New works in the Blake Archive

The William Blake Archive has recently added a series of thirty-three of Blake’s water colour illustrations to the Bible. This series, which comprises scenes from the New Testament, supplements the series of Old Testament paintings that were included on the site in March 2010.

Most of the illustrations were painted for Thomas Butts between 1800 and 1805, although two of them – The Whore of Babylon and The Parable of the Wise and Foolish Virgins – date from 1809 and c. 1825 respectively.

This new series means that fifty-three of Blake’s biblical illustrations are now available on the Blake Archive. Blake painted over 135 such illustrations for Thomas Butts in tempera and watercolour between 1799 and 1805, the earlier illustrations apparently being in tempera on canvas or copper before he turned to watercolour. They include some of his most famous images, such as The Great Red Dragon and the Woman Clothed in the Sun and Jacob’s Dream.

The paintings are listed on the Blake Archive under Water Color Drawings Illustrating the Bible.


New Publication: An Island in the Moon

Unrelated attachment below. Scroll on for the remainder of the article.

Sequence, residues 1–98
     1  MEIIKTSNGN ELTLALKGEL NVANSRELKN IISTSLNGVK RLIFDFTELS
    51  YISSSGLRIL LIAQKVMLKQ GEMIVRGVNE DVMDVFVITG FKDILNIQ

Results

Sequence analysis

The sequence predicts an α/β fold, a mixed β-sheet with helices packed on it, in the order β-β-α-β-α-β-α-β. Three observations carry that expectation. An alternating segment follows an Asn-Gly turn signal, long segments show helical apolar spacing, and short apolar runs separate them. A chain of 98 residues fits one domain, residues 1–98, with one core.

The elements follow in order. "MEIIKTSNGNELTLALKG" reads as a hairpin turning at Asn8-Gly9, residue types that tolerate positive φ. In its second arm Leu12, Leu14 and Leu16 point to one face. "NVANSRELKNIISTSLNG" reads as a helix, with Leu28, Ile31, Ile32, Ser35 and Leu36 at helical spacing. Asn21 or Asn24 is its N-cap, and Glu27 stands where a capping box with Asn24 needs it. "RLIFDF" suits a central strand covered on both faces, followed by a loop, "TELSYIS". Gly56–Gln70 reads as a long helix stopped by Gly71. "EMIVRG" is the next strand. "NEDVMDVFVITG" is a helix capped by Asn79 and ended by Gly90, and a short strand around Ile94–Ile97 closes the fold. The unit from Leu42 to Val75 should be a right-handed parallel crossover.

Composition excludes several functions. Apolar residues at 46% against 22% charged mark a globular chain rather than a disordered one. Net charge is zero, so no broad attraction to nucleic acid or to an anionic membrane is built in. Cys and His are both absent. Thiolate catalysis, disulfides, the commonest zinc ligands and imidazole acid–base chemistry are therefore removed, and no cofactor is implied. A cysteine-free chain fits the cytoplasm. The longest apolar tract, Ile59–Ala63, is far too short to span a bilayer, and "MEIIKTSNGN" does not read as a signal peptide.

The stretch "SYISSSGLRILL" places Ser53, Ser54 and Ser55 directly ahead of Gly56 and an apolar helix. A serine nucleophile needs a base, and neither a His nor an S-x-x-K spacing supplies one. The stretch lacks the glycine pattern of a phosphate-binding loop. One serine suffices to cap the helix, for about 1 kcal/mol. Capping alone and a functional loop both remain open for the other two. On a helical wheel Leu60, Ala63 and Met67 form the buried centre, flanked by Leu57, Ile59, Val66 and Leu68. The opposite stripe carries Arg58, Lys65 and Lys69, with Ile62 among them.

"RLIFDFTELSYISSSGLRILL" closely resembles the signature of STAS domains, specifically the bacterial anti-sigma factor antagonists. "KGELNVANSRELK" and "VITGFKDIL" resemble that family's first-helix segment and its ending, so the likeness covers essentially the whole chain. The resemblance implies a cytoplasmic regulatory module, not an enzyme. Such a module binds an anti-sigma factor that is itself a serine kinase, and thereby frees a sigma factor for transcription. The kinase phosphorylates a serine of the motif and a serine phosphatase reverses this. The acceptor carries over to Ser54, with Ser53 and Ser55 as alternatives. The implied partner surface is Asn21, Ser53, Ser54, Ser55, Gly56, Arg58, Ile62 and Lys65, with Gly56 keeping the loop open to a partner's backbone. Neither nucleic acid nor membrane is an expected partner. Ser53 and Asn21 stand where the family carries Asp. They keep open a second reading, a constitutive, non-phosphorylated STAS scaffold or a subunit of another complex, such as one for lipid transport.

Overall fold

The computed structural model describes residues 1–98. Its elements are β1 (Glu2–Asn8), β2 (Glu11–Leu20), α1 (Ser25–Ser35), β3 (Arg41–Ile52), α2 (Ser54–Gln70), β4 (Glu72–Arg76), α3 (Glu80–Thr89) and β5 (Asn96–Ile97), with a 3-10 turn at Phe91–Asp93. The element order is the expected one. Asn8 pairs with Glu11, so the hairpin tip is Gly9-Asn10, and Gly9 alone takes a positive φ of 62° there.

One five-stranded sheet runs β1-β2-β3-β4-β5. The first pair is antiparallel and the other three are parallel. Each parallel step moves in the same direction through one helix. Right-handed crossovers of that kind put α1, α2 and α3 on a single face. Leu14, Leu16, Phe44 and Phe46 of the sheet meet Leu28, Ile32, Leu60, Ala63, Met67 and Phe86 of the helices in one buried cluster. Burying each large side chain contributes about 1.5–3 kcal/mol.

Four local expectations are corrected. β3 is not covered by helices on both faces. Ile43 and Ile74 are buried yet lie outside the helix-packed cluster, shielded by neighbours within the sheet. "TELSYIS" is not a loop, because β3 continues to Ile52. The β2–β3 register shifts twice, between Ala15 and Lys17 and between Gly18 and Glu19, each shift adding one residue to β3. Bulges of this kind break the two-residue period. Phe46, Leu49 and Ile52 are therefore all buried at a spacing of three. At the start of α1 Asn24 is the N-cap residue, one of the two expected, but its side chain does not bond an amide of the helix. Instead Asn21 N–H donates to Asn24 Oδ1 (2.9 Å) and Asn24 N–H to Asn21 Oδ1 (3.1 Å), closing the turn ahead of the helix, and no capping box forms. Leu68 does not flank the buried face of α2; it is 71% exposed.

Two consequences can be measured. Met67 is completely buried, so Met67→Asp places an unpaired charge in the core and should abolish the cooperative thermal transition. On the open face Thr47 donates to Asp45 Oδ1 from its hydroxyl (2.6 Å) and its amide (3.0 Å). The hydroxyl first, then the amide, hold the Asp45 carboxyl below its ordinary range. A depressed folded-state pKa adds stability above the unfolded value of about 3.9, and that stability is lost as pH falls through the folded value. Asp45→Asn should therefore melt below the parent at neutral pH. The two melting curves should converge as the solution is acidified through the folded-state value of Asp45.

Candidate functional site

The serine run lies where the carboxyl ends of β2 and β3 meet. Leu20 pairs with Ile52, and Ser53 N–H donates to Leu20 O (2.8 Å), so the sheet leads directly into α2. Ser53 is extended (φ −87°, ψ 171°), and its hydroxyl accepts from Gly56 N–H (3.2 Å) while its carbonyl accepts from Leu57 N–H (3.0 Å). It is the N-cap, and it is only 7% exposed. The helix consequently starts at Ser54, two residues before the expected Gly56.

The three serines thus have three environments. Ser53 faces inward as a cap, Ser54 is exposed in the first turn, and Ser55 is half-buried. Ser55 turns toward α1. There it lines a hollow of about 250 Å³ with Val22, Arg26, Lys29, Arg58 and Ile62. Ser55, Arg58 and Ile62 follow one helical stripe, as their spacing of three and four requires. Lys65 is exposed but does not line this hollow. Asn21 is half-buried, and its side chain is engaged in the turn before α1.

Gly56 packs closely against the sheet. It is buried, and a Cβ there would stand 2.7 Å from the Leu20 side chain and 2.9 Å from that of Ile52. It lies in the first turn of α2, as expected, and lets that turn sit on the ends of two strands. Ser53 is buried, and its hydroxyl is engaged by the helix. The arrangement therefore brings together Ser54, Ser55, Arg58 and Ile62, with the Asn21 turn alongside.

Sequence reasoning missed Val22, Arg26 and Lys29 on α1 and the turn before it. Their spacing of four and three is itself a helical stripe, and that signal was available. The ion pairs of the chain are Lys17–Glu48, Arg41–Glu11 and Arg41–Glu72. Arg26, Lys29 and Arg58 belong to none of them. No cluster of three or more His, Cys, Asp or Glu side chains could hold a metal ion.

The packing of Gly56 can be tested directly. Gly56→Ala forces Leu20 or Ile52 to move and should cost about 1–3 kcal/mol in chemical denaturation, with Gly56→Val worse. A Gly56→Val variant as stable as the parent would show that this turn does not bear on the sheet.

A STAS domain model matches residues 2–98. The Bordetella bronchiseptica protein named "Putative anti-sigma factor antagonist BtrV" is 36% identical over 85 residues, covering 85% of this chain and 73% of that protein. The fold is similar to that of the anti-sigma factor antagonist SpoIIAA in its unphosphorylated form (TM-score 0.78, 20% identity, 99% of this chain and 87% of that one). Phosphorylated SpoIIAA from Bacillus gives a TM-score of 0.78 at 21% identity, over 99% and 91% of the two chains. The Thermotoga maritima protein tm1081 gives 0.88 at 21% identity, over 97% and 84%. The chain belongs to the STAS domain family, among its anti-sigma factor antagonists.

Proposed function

The William Blake Archive has published an electronic edition of Blake’s unfinished manuscript, An Island in the Moon, available from its collection of electronic versions of Blake’s works.

Blake worked on the manuscript probably between 1784-5. It has since become particularly famous for the inclusion of several lyrics that were later to be included in Songs of Innocence (1789), such as “Nurse’s Song”, “Holy Thursday” and “The Little Boy Lost”. The imaginative fiction, set in “a certain Island near by a mighty continent” on the moon, also abounds with wide-ranging contemporary allusions to the London society of Blake’s day, in particular the social circle that gathered around the Rev. A.S. Mathew and his wife Harriet.

As the authors of The Cynic Sang, the blog for the Blake Archive observe, An Island “demonstrates a born satirist’s instincts for the ridiculous with a boisterous sendup of middle class London social and intellectual life”, drawing also on theatrical traditions and satires of the eighteenth century. Unpublished during Blake’s lifetime, it shows a very different writer to the apocalyptic visionary so frequently encountered in the prophetic books, although its tone is also very evident in works such as The Marriage of Heaven and Hell.